Buying a brand new dress or fabulous handbag can feel great, but can shopping actually make someone feel better about the problems in his or her life?
Retail therapy is a common way to brighten up a bad day, but the experts say it may not be as beneficial as it seems.
Terrence Shulman, founder of The Shulman Center for Compulsive Theft, Spending & Hoarding, joined HuffPost Live's Caitlyn Becker to discuss what happens when buying things to feel better turns into shopping addiction.
Spending money to prompt a better mood is quite common, whether it means buying clothes and shoes, going out to nice dinners or even gambling, Shulman said.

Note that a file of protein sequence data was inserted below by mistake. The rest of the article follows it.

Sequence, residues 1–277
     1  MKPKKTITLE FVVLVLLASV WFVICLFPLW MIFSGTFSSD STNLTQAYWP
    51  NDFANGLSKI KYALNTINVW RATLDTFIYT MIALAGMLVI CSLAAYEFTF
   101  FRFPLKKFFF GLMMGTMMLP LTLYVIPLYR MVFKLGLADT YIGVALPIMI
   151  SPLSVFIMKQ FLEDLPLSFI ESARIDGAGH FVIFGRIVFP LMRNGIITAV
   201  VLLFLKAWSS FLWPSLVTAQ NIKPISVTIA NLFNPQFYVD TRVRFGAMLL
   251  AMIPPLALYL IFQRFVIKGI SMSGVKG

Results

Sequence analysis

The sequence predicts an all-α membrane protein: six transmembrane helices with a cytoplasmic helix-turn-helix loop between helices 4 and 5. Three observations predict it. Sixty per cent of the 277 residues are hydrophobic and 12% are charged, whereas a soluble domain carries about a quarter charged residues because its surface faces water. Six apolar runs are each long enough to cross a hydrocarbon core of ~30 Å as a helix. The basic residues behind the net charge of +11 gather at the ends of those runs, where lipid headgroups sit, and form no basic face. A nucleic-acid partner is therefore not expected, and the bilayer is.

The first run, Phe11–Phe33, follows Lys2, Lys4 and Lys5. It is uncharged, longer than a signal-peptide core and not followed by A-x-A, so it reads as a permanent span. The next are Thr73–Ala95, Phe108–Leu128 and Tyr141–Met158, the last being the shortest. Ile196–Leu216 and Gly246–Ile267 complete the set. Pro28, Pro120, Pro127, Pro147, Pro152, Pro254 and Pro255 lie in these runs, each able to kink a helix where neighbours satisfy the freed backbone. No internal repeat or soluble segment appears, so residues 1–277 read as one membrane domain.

"The problem becomes when you continue to go to the same well to cure your loneliness but it actually causes more problems that will cause more loneliness," he said.
Shopping can be a dangerous vice because of the issues it often causes in relationships, where shared finances can be a problem.
"Shopping in particular, what we know is it's one of the primary reasons people have difficulty in their intimate relationships, arguments about money," he explained. "But if you keep shopping because you're not getting the love you want and probably hiding it from your beloved, it will probably push your further apart and it becomes a vicious cycle."
See the full segment on retail therapy at HuffPost Live HERE.
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